Panic Attack is available at:
Grunge; Rock ‘n’ Roll
IT is challenging being in this line of work and coming up with anything…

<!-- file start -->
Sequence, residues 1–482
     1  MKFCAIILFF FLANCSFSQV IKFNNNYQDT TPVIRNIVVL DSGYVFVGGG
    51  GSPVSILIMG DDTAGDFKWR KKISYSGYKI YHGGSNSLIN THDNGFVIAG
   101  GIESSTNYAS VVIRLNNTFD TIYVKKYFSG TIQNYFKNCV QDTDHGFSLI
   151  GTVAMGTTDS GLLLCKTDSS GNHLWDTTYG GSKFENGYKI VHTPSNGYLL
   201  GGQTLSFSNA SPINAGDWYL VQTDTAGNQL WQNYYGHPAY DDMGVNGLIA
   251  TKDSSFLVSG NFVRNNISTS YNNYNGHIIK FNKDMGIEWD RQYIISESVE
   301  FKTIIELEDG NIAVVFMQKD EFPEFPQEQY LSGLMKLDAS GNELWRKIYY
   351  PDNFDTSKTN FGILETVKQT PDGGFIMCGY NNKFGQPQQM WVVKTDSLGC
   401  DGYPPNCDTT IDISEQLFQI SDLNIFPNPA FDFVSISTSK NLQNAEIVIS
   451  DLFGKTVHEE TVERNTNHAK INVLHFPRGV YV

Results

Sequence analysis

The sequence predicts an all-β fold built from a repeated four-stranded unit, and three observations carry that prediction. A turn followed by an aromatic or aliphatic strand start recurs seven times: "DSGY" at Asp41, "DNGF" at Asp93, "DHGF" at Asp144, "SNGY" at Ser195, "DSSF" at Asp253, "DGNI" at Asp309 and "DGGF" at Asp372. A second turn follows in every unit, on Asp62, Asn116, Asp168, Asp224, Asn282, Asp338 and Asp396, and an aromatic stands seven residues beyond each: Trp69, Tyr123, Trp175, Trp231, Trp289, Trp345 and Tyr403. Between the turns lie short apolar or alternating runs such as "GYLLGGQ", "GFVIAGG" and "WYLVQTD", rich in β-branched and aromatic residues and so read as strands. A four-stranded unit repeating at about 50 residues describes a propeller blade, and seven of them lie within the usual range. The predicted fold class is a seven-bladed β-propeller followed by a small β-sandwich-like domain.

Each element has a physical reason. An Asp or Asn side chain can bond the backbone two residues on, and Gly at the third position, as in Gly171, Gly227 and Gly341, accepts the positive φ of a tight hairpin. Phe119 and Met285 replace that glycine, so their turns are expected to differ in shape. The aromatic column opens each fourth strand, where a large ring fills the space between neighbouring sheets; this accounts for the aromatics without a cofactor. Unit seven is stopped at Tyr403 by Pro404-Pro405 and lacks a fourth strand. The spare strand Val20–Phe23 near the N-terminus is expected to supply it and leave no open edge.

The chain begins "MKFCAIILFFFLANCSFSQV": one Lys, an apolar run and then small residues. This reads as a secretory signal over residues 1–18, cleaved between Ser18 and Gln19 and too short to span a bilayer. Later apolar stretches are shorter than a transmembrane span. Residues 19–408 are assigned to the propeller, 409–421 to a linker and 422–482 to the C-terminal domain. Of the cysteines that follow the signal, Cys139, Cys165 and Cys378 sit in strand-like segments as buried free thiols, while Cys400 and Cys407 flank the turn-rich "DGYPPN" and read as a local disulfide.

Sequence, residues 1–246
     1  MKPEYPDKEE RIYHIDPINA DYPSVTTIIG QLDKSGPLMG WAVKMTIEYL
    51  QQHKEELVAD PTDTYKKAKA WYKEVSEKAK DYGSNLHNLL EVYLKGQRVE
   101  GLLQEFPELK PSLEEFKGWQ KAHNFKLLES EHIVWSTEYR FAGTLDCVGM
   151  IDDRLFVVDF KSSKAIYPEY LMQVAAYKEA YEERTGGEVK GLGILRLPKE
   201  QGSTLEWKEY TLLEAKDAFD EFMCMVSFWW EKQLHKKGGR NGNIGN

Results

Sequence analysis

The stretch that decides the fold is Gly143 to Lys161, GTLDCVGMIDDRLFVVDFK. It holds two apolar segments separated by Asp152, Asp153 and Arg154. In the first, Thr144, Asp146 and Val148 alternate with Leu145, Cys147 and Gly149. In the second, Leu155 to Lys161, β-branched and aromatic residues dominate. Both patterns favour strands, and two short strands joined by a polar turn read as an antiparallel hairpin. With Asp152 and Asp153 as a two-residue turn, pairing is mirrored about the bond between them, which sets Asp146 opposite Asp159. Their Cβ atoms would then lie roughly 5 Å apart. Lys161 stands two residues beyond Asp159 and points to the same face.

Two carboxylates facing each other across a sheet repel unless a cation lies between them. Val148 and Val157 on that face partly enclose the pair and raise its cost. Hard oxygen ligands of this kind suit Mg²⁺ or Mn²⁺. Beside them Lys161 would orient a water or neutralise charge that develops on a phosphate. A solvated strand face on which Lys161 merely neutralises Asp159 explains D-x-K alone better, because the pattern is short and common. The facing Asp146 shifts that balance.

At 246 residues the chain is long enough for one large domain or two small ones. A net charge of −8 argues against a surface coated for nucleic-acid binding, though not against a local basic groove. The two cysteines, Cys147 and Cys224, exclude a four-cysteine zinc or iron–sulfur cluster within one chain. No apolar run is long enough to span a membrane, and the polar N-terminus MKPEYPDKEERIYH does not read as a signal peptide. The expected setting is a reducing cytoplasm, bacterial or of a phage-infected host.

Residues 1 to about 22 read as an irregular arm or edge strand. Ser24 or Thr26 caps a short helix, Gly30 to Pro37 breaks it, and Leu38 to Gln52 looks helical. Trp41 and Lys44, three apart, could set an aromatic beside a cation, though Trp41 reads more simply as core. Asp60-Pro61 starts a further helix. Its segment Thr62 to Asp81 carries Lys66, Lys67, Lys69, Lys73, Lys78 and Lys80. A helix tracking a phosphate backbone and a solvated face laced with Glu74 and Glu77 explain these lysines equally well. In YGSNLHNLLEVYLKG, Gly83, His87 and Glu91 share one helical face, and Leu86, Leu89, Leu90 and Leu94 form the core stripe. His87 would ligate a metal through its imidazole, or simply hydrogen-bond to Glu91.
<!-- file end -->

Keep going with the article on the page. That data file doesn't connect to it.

new to say. Not in a bad way: I just encounter so many bands, it is near-impossible putting a different spin on things. Whilst The Ronaynes play music with plenty of life, quality and originality: I find myself (briefly) back in Scotland. I am splitting reviews for the next week- a lot of them feature artists from Scotland and Yorkshire- so it is good to start things with a look into one of Glasgow’s best kept secrets. Before I come to them, it is worth revisiting the music emerging from Glasgow; the importance of mixing genders into a band- looking at the genres of Grunge and Rock ‘n’ Roll to complete things. So many music fans are looking around searching for those quality bands: Those that can play heavy and hard but make sure there is nuance and repeatability to be found. With so many brief and disposable bands coming through- that drop a great album only to disappear from view- the challenge is finding an act that can endure and improve. With the sheer amount of competitors flooding the market, the question is this: How do you make sure you are in the public’s attention years down the line? The simple answer is ‘you can’t’. Music today is such an overcrowded and unpredictable thing: You never know which artists are going to go the distance. That said, I can always detect an artist that has that potential: Early sounds that have the potential to lead to long-term success and acclaim. Away from the obvious avenues for new music- those big cities of England- it is great to see Glasgow producing so many terrific and unique artists. Historically, the city has produced a wide range of artists who have made their impressions on the music world. From Franz Ferdinand’s arty Rock to Primal Scream’s legendary music: Glasgow is a city that has not exactly slouched when it comes to those legends and leaders. Throw in Marmalade, Mogwai and Belle and Sebastian: Softer ‘middle-of-the-road’ acts such as Deacon Blue and The Fratellis call Glasgow home. I often speculate- when assessing a city or area- what causes the type of music and quality that emerges. Glasgow prefers to play with that core of Rock: Throwing in Electronic and Dance elements; that primal and exciting core seems to mandate a lot of the output. Whilst areas like London have more Pop and Soul artists: Glasgow has a tougher edge and more grit than elsewhere in the U.K. This can lead to some homogenisation- you have to dig deep to find great Pop, Electro.-Pop and Folk singers- but the Rock bands they are producing rank among the best of the moment. I have listed a few legends- some of them still playing today- and that is just the tip of the iceberg. Rock (or Rock ‘n’ Roll) is one of the hardest genres to make new and original. There is mobility, but due to the sheer number of bands doing the same thing, separating yourself from the pack is extremely difficult. I encounter so many bands that are cut from the same cloth: At the end of the song, you hardly come away overly impressed or surprised. Luckily, The Ronaynes have taken the time to ensure their music leaves the listener wanting more. Whilst they do wear a few influences on their sleeves, the music they are coming up with has enough verve, passion and invention to stand them in good stead. Here is a band that is building slowly and ensuring their music has plenty of nuance and appeal. I think so many acts are nervous they need to put out music: You get rushed and hurried songs that possess no depth and intelligence. The Ronaynes have grown up listening to Grunge, Rock and Indie artists- from the ‘70s/’80s legends to the upcoming acts via Nirvana and their Grunge peers. With so many boy-only bands out there- I am stunned there are so few mixed-gender acts- it is always a nice surprise finding a band with a female lead. It is 2016 but there is that depressing over-reliance on the 4/5-piece band with only men among the ranks. I guess it is not their fault: Diversity and difference always leads to stronger music, mind. With male and female members (in the band) not only will the vocals have a greater range- the music and lyrical content will have different angles and possibilities. The Ronaynes understand how important it is to distinguish themselves and not just be your run-of-the-mill band. Before I continue my point, let me introduce them to you: